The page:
Claire's intention is to be something of a foil for that nature. The danger of using a character as a contrast is that it's pretty easy to only flesh them out halfway. I don't think that should be the case--they should be deep enough to support themselves. She's a very external sort, doesn't spend much time thinking things through but shows more common sense. She notices people more, but doesn't fret over details quite so much. She's more of a doer than a watcher. She also hardly ever monologues and on the rare occasion when she does it's mostly brief but strange anecdotes about her family.

They both are very organized, but in very different ways. Cam tends to categorize and analyze. He's an observer, a bit of a detective (more on that later). He could look at the cars in a parking lot and tell you which of them belongs to people who work there, who's visiting and whether anybody there was just using the available parking spaces to carpool. He's clever that way. He usually has a solution for any given problem even if it's a stupid one.

Claire brings organization to chaos--she tends to be very, very bothered when things don't add up. She wants everything to make sense, to be predictable and is more than willing to make it so. She gets bothered when books on a shelf are in disarray. In a sense, she's a bit of a contradiction because she wears the trappings of being an anarchist, but she spends most of her free time on the cheerleading squad or prepping for college scholarships. When in stress she has a fight or flight reflex which usually falls towards the former rather than the latter. She is also based loosely on a friend of mine, who probably is a wizard but won't admit it to me.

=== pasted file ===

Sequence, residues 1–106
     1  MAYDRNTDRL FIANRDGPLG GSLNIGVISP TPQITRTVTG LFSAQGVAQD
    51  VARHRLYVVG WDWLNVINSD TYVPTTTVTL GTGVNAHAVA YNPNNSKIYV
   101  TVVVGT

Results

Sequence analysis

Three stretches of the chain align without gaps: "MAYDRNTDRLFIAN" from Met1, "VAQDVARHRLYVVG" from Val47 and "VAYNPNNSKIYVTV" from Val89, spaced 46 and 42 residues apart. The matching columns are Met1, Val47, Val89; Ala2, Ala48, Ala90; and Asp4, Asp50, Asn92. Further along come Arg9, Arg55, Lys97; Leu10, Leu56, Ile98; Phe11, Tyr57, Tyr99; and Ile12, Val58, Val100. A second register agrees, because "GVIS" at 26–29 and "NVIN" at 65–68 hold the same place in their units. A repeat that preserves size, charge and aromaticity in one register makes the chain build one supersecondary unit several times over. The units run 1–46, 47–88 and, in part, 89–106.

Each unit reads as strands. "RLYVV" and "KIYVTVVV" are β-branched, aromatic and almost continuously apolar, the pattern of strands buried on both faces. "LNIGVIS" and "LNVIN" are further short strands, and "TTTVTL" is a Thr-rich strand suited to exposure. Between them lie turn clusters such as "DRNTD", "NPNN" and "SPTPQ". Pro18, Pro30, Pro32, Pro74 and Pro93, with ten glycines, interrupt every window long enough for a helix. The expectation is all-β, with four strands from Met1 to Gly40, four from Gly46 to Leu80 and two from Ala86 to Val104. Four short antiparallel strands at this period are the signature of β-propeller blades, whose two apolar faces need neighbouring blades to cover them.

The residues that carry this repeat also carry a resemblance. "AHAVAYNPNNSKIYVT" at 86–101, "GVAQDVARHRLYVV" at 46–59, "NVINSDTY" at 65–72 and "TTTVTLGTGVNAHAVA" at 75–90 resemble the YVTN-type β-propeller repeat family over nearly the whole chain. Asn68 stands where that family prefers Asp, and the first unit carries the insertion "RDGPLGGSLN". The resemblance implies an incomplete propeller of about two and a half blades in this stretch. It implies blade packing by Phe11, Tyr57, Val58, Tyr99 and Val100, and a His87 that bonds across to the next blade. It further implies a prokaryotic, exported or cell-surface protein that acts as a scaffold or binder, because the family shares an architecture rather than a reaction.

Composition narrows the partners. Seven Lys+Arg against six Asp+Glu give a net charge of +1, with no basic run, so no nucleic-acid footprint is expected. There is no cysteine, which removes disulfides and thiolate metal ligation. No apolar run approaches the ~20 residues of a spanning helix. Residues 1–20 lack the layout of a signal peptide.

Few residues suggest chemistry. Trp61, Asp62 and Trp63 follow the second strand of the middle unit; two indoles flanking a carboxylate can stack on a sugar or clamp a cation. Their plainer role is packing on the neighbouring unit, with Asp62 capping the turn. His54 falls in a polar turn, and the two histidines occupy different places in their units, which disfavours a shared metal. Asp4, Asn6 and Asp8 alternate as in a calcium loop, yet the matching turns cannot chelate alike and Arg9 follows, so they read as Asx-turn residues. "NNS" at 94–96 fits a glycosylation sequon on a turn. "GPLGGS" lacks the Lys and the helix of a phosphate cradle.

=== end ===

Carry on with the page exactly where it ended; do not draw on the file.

Cam tends to think in a prolix fashion. Claire thinks in shorter and more blunt sentences.

Cam describes details; Claire tends to focus on people and patterns.

It was a lot to think about. A different voice is more than just different word choice or sentence structure--you're thinking about an entirely different brain and history, how the characters construct their universes. What they notice versus what they consider appropriate to admit while they're telling you their stories.

I expect redrafting and tweaking their respective scenes once I get done with the full rough draft is going to be a pain. Either that or she'll click and become natural to write.

As a side note, I really need to do more reading about what detectives actually do. Detective work is never like what you expect it to be as is the case with just about any fictionalized line of work versus reality. One of the things I want to do is lampshade some of the reality versus expectations. The crime-fighting kids genre tends to rely on some rather lazy cliches which would be fun to deconstruct a bit.

And also, holy shit. Week fifty-one. One more week to go! I'm really excited about getting cracking on the full novel. Stories are fun to write, but I'm itching to make some real progress. I think I've got a handle on what I need to do to not get bogged down again, the sort of balance I need to achieve between long term outlining and too much inflexibility. I plan on ratcheting up the conflict and the stakes while layering in vast amounts of random weirdness. It'll be fun.

I still plan on blogging regularly. Perhaps even more regularly, in fact: instead of posting stories (often), I'll probably have something up every other day or so.

Sunday, December 22, 2013

Story The Fifty-First: Claire - In The Club

Not random at all this time. I've been toying with the idea of incorporating Claire as another POV character in the Cameron novel. She's too fun to be just an accessory to Cameron. I think it's one of the nudges the story line needs.

So I took her for a quick spin. This is a scene from farther along, somewhere early in Act II. Still playing around with her voice a bit, trying to get a feel for the sorts of things she notices, how she organizes her environment. Also, I like these sorts of forays into the surreal. They tend to be revealing.